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Here's What Shenzhen International Holdings Limited's (HKG:152) P/E Ratio Is Telling Us

Simply Wall St

The goal of this article is to teach you how to use price to earnings ratios (P/E ratios). We'll apply a basic P/E ratio analysis to Shenzhen International Holdings Limited's (HKG:152), to help you decide if the stock is worth further research. Shenzhen International Holdings has a P/E ratio of 7.05, based on the last twelve months. That means that at current prices, buyers pay HK$7.05 for every HK$1 in trailing yearly profits.

View our latest analysis for Shenzhen International Holdings

How Do I Calculate Shenzhen International Holdings's Price To Earnings Ratio?

The formula for P/E is:

Price to Earnings Ratio = Price per Share ÷ Earnings per Share (EPS)

Or for Shenzhen International Holdings:

P/E of 7.05 = HK$15.18 ÷ HK$2.15 (Based on the year to June 2019.)

Is A High Price-to-Earnings Ratio Good?

A higher P/E ratio implies that investors pay a higher price for the earning power of the business. All else being equal, it's better to pay a low price -- but as Warren Buffett said, 'It's far better to buy a wonderful company at a fair price than a fair company at a wonderful price.

How Does Shenzhen International Holdings's P/E Ratio Compare To Its Peers?

The P/E ratio essentially measures market expectations of a company. We can see in the image below that the average P/E (8.4) for companies in the infrastructure industry is higher than Shenzhen International Holdings's P/E.

SEHK:152 Price Estimation Relative to Market, October 17th 2019

Shenzhen International Holdings's P/E tells us that market participants think it will not fare as well as its peers in the same industry. Many investors like to buy stocks when the market is pessimistic about their prospects. You should delve deeper. I like to check if company insiders have been buying or selling.

How Growth Rates Impact P/E Ratios

P/E ratios primarily reflect market expectations around earnings growth rates. If earnings are growing quickly, then the 'E' in the equation will increase faster than it would otherwise. That means unless the share price increases, the P/E will reduce in a few years. A lower P/E should indicate the stock is cheap relative to others -- and that may attract buyers.

It's great to see that Shenzhen International Holdings grew EPS by 21% in the last year. And earnings per share have improved by 13% annually, over the last five years. So one might expect an above average P/E ratio.

Remember: P/E Ratios Don't Consider The Balance Sheet

Don't forget that the P/E ratio considers market capitalization. So it won't reflect the advantage of cash, or disadvantage of debt. The exact same company would hypothetically deserve a higher P/E ratio if it had a strong balance sheet, than if it had a weak one with lots of debt, because a cashed up company can spend on growth.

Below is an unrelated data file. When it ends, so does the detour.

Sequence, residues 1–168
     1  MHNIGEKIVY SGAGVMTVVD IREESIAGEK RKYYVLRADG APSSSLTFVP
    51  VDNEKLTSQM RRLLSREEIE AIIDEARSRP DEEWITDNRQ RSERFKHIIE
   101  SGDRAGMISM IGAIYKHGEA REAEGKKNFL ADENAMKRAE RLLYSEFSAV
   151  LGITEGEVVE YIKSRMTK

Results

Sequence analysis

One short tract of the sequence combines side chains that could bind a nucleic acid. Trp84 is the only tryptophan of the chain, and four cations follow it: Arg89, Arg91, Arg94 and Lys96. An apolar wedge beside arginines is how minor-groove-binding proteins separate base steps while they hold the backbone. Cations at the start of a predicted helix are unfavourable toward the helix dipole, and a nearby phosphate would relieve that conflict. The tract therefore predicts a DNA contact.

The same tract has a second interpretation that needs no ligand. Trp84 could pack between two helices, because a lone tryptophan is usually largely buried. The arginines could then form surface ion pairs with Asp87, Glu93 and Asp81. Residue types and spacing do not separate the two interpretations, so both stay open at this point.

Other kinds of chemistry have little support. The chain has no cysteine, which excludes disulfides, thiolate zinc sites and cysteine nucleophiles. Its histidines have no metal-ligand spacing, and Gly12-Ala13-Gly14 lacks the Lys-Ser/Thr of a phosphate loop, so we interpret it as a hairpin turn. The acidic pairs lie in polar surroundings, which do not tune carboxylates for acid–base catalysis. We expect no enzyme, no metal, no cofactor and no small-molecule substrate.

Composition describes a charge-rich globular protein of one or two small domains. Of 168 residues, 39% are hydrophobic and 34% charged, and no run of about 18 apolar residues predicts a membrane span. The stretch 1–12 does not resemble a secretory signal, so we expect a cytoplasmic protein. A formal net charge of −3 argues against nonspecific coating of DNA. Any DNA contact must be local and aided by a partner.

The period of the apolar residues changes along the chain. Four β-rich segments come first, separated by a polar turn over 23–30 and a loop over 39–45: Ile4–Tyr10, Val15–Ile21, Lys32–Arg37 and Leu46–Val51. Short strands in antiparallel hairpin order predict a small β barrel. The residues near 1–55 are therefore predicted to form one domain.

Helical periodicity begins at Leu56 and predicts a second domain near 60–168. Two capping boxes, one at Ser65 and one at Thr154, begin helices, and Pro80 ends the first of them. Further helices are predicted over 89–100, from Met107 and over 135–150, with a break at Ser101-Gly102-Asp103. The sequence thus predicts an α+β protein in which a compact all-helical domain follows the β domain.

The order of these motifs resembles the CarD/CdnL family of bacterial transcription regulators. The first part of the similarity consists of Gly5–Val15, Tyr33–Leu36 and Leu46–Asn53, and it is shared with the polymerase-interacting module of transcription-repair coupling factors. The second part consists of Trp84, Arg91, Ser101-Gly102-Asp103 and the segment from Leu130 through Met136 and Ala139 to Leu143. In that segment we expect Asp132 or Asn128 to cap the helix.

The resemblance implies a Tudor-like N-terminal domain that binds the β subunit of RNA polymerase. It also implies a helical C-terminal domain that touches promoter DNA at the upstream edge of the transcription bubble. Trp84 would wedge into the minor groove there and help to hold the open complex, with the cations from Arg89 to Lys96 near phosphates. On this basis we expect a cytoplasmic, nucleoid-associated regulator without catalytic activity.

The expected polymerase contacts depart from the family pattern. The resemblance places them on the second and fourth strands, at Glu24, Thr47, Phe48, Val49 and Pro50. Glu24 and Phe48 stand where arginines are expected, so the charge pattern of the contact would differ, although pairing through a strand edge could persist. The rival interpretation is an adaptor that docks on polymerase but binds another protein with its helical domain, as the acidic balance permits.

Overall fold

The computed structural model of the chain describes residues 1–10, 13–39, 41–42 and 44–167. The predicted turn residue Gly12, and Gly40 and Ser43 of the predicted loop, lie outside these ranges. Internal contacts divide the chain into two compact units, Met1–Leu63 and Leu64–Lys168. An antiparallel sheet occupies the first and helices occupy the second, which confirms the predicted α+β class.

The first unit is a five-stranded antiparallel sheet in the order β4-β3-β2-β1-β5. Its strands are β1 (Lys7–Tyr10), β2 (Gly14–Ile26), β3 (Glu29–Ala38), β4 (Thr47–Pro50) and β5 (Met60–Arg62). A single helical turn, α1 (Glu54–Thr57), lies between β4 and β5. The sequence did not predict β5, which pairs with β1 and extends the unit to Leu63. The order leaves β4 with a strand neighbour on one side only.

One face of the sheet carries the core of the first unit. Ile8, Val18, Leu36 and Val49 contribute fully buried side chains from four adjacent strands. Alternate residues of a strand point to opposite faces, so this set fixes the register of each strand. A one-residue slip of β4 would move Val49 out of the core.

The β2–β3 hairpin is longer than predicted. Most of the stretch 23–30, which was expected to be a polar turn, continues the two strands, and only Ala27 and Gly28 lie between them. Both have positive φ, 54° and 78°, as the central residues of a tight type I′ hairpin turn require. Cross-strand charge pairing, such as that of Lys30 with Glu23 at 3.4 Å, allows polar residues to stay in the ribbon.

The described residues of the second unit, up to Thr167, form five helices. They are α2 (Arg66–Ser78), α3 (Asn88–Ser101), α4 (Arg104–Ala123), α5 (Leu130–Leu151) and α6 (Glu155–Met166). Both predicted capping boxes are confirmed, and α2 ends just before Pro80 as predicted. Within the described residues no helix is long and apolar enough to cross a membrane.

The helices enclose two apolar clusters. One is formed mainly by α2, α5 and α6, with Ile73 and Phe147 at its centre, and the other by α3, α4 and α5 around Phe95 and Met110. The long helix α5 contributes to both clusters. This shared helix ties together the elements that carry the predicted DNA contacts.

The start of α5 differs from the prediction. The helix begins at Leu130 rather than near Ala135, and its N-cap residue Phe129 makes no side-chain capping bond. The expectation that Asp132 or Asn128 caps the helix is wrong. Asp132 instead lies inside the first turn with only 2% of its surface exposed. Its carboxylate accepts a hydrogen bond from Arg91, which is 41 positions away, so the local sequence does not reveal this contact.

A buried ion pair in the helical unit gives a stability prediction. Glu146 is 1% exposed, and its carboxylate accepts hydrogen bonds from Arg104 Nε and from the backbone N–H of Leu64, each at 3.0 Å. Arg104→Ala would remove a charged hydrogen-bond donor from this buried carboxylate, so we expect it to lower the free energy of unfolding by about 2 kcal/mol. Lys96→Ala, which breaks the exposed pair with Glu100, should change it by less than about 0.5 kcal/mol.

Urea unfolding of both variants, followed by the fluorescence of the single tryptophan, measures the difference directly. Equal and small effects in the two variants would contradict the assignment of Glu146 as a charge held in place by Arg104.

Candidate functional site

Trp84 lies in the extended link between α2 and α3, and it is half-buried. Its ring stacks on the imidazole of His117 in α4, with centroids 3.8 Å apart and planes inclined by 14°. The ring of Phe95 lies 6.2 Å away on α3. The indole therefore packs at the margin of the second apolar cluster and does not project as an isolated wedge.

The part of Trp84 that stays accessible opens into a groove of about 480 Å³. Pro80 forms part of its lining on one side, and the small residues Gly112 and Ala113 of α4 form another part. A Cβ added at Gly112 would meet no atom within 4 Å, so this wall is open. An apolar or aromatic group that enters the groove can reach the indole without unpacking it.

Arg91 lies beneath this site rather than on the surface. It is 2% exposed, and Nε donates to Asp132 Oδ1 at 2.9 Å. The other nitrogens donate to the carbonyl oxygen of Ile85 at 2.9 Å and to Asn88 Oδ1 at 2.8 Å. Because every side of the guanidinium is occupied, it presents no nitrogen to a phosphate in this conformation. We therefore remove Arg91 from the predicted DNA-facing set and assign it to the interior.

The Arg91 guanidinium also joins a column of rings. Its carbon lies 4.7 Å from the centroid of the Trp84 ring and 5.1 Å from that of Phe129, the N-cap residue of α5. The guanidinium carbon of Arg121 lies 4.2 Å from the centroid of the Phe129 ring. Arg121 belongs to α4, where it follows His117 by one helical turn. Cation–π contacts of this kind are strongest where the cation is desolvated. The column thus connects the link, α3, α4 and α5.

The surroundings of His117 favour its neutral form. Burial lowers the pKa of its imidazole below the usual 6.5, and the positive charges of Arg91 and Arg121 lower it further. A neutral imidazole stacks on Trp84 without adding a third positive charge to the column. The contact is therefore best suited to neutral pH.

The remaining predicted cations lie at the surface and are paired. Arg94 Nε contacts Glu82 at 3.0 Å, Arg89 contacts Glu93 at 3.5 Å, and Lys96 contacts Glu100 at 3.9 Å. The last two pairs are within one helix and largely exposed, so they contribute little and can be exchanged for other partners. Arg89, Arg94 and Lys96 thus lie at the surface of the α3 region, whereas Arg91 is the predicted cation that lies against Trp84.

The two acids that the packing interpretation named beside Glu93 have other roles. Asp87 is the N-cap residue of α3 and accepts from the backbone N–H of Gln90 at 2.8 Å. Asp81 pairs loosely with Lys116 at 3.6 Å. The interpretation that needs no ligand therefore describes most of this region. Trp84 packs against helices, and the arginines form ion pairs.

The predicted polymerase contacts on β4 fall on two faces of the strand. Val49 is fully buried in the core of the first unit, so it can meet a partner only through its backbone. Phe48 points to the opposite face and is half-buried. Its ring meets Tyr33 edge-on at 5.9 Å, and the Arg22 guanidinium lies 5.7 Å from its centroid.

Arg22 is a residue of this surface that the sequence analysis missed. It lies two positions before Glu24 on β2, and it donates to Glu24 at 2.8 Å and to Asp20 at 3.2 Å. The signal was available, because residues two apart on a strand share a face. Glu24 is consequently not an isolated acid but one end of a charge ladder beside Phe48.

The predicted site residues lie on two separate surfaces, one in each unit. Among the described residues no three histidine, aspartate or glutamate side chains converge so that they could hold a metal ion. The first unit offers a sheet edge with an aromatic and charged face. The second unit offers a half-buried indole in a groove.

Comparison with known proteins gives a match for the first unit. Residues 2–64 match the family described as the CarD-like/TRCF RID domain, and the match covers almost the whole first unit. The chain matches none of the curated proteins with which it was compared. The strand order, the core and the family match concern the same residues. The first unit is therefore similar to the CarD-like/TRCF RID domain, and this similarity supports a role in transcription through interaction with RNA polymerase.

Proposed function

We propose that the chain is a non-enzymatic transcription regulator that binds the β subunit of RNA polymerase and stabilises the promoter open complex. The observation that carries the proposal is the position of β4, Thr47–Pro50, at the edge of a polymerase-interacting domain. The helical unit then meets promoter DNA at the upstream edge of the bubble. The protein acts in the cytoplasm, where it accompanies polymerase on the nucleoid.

Spending on growth might be good or bad a few years later, but the point is that the P/E ratio does not account for the option (or lack thereof).

So What Does Shenzhen International Holdings's Balance Sheet Tell Us?

Shenzhen International Holdings has net debt equal to 36% of its market cap. You'd want to be aware of this fact, but it doesn't bother us.

The Bottom Line On Shenzhen International Holdings's P/E Ratio

Shenzhen International Holdings's P/E is 7.1 which is below average (10.3) in the HK market. The company does have a little debt, and EPS growth was good last year. The low P/E ratio suggests current market expectations are muted, implying these levels of growth will not continue.

Investors should be looking to buy stocks that the market is wrong about. If the reality for a company is not as bad as the P/E ratio indicates, then the share price should increase as the market realizes this. So this free visualization of the analyst consensus on future earnings could help you make the right decision about whether to buy, sell, or hold.

You might be able to find a better buy than Shenzhen International Holdings. If you want a selection of possible winners, check out this free list of interesting companies that trade on a P/E below 20 (but have proven they can grow earnings).

We aim to bring you long-term focused research analysis driven by fundamental data. Note that our analysis may not factor in the latest price-sensitive company announcements or qualitative material.

If you spot an error that warrants correction, please contact the editor at editorial-team@simplywallst.com. This article by Simply Wall St is general in nature. It does not constitute a recommendation to buy or sell any stock, and does not take account of your objectives, or your financial situation. Simply Wall St has no position in the stocks mentioned. Thank you for reading.